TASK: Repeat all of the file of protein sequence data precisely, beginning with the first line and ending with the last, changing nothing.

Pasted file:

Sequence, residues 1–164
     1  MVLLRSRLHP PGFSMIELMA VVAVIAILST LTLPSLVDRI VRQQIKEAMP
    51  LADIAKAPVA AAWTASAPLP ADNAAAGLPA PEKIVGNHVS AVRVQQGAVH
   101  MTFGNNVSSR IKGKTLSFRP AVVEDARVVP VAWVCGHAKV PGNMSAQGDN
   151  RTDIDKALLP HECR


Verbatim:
Sequence, residues 1–164
     1  MVLLRSRLHP PGFSMIELMA VVAVIAILST LTLPSLVDRI VRQQIKEAMP
    51  LADIAKAPVA AAWTASAPLP ADNAAAGLPA PEKIVGNHVS AVRVQQGAVH
   101  MTFGNNVSSR IKGKTLSFRP AVVEDARVVP VAWVCGHAKV PGNMSAQGDN
   151  RTDIDKALLP HECR